Data is constant, it never stops flowing and it can be overwhelming. However, automated quality and compliance software can help make sense of it all. Gaining visibility into already available data is essential to comprehension. Understanding data is the first step in calculating risks, weighing out options and making important decisions.
How is this done? There are many elements to risk management. Risk management tools identify, redirect and mitigate risk throughout an organization. In a fast-paced world, having a quantifiable and repeatable method set in place helps make risk tangible.
Some tools that are useful in identifying and reducing risk include:
Decision Trees: The decision tree allows users to create a Web-based list of relevant questions that are dependent on each other. It is an effective method that quantifies results through ranking and related actions. Once a company receives an input of an adverse event, the decision tree can help determine the proper route to take. Decision trees eliminate any guesswork involved by inserting a guided set of questions that serve as a simple place to get started. It then allows users to continually update previously recorded data and follow up with it.
Risk Matrix: The Risk Matrix is a simple-to-read method of quantifying risk levels. The Risk Matrix categorizes data and places it in its respective level on a chart. It shows if the event is minor, negligible, marginal, critical or catastrophic. From there it will also determine if the threat is frequent, probable, occasional, remote or improbable. Answers to these questions are assigned to categories that are based on a scale of one to five. Since there are many different ways to associate different levels of risk, the risk matrix helps determine the likelihood and criticality of occurrence.
Surveys: Risk surveys determine the type of risk on hand. It ranks unknown and unidentified threats and then allows users to start planning and setting distribution and control plans. This type of method allows users to understand what types of risk are possible and allows users to plan ahead with expectations.
Bowtie Model: Bowtie is an effective method that allows its users to build barriers to prevent events from occurring. It puts controls in place and sets recovery methods to minimize chances of impact. Bowtie Risk tools collect information on both high and low-occurrence events. In the life sciences industry, a high level of risk is a chance that cannot be taken. The Bowtie method lets users plan for risk rather than just waiting for it to occur and taking reactive measures.
Risk Register: The Risk Register monitors risk. It collects data from all processes and develops a report on it. This is extremely beneficial in the long run, especially with past events. Users are able to look up information on risks and how it was handled. This allows users to handle things better the second time around, should an event recur. The risk register gathers the data needed to back up actions and automatically send necessary information to regulatory agencies like the U.S. Food and Drug Administration. It helps companies make sense of their data and determine precisely where risks are by providing necessary oversight into operations while using risk as a benchmark for achieving overall compliance.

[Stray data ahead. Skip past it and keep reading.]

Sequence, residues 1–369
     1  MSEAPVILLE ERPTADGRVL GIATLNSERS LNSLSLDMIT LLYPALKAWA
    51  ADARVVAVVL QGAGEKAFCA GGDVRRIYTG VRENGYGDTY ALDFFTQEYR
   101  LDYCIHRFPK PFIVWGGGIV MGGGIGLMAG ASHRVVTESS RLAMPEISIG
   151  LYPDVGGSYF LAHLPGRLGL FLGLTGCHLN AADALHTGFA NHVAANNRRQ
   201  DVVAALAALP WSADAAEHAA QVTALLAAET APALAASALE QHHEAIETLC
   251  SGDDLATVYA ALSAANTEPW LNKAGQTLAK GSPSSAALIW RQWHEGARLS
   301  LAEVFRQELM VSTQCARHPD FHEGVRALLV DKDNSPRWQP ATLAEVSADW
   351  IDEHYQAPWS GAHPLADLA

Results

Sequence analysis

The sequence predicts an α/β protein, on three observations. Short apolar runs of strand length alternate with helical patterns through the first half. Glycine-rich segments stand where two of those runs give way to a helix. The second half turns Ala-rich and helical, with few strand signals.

Tying it All Together
The right tools can help companies take back control over their risks. Risk management tools provide the necessary framework for handling events in a systematic method. This allows for routine and repeatable processes to be created. Setting a system in place that handles adverse events once triggered, allows users to determine the root cause. Without a system to do this, you are left with what is considered a “band-aid” solution—a mechanism by which to patch up the problem either before or after it takes place. But such a solution will not serve as a long-term fix, nor will it set standards in place for future, similar events.
Risk management tools allow users to uncover issues and determine where they hide. Risk tools hand users the necessary information to make adjustments and mitigate events. Risk is universal, it comes in all shapes, sizes and forms. This is why it is beneficial for quality and compliance organizations to speak risk. Adverse events take place even with the best of practices, so allowing software solutions to quantify risk helps users prepare. Once threats are detected, automated software helps decision-makers ensure their choices will improve the situation.
There are many different types of organizational risk tools. It all comes down to the solution that will work best for you and your organization. In our ever-expanding, fast-paced world, technology can help you get where you need to be. Automated solutions help set clear expectations, enhance communication and enable you to follow standards and regulations to achieve repeatable outcomes.
Life sciences firms face great pressure to release the latest and greatest features to the market. The key to achieving this comes from investing time into process improvements like risk management to increase quality and compliance, but also to ensure safety in every step.
Emily Ysaguirre is a writer for VERSE Solutions, a cloud-based compliance management software solution that helps automate the processes surrounding quality, compliance, and environmental health and safety. Learn more about VERSE by visiting www.versesolutions.com or blog.versesolutions.com.